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Why has my dentists changed me to an NHS patient?

(11 Posts)
DustyCushion Sun 31-Jan-16 12:23:45

I registered with my current dentist about 7 years ago as a private patient but when I went for my last appointment I noticed that the front of my folder had 'private' crossed out and 'NHS' written over the top.
When I queried this, the dentist was very vague - just said the head of practice had made the decision and it wouldn't make any difference to my treatment.

I'm very nervous about going to the dentist and do tend to 'tune out' a bit to get through the appointment but I'm sure this decision was never discussed with me.
Looking back comments made at a couple of previous appointments made more sense - that work I needed couldn't be done on the NHS and I'd have to pay privately.

I've always paid for treatment immediately at the appointment, so no concerns about my ability to pay.

Due to other anxieties I have about going to the dentist this has been bothering me. In general dentists seem to be taking on fewer NHS patients so this seems odd.

Anybody shed any light on why they have done this and what difference it would make to my treatment?

PerspicaciaTick Sun 31-Jan-16 12:28:11

It won't make any difference to your treatment and you will still have the option to pay for non-standard treatments such as white fillings.

sooperdooper Sun 31-Jan-16 12:29:57

It means you'll get some treatment covered by the NHS or cheaper than you'd pay privately - the actual treatment won't change, they've actually done you a favour!

Floralnomad Sun 31-Jan-16 12:30:23

I would imagine most people ( myself included) would be thrilled if my dentist did the same , treatment will be cheaper with the option to pay for stuff that is not standard on the NHS - win win situation .

nbee84 Sun 31-Jan-16 12:32:15

How much have you been paying for check ups? Private price or NHS price?

Mrsmorton Sun 31-Jan-16 12:33:18

Ask to speak to the head of the practice. It's an ethical PITA to have two types of patient in the same practice because the contract is very badly written, that may be the driver behind this or it may be that they're not meeting their NHS targets so would rather see you on the NHS than privately. Private dentists don't make lots more money than NHS ones, they just have a nicer working environment.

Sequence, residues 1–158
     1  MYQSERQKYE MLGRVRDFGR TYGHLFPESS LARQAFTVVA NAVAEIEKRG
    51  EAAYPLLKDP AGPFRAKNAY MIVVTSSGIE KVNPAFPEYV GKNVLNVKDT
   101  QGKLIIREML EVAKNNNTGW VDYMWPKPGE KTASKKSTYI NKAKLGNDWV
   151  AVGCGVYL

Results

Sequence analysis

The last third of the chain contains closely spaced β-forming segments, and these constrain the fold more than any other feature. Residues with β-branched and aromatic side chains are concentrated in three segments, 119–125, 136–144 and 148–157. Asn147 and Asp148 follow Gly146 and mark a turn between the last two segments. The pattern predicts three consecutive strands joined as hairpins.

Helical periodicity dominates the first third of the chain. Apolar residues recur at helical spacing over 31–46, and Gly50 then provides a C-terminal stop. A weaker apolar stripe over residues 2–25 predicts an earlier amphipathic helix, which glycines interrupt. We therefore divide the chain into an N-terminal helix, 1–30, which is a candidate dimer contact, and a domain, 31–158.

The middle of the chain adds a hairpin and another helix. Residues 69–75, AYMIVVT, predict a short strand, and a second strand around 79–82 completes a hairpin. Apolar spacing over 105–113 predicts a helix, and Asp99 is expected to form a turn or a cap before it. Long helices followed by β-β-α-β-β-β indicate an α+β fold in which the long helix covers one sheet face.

DustyCushion Sun 31-Jan-16 13:06:37

Yes my initial thought was that they'd done me a favour.

But not mentioning the change to me and some odd comments (like there was other work they could do but I wouldn't be able to afford it - no idea why as I've always paid straight away) made me wonder if being an NHS patient was limiting my treatment in some way.

I'm very a anxious about going to the dentist and find it difficult to question things in the moment then fixate on perceived negatives after the fact.

Mrsmorton - it is the main dental practice for the local university so I imagine a lot of their patients are NHS so it could very well be that they are just trying to minimise having two types of patient.

Floralnomad Sun 31-Jan-16 13:10:07

Go and speak to the practice manager when you are not at the dentist and explain your concerns ,that way you won't be so anxious as no actual dentistry is involved .

bigbluebus Mon 01-Feb-16 16:15:48

dustyCushion This has happened to me (although the dentist did tell me they were doing it) and I was bemused by it too. I have been a private patient at the practice ever since the new NHS contracts came in years ago and there was a mass exodus of dentists from the NHS patient market. The practice changed hands and there were some NHS places created. My DH had been asking to switch back to NHS for a couple of years and was told he was on a waiting list. He eventually got an NHS place and the next time I went to the dentist, I was told I was being switched to NHS too - even though I had never asked! As far as know they still do private patients too although I have recently seen they are advertising that they have vacancies for new patients. I wondered if they had lost patients and needed to make up the numbers so they don't lose NHS funding, but don't really understand how the funding works.

Penfold007 Wed 03-Feb-16 09:45:26

The dental practice I use is private and NHS. I'm registered as NHS and pay that rate for most things and only have to pay private if it's a treatment NHS don't fund. Seems to work well.

DustyCushion Wed 03-Feb-16 13:41:31

Thanks everyone.

Having started the thread I've realised that my concern arose from a more general feeling of lack of communication with my dentist. As Floralnomad suggests I'll make an appoint outside of any actual dentistry to talk to them.

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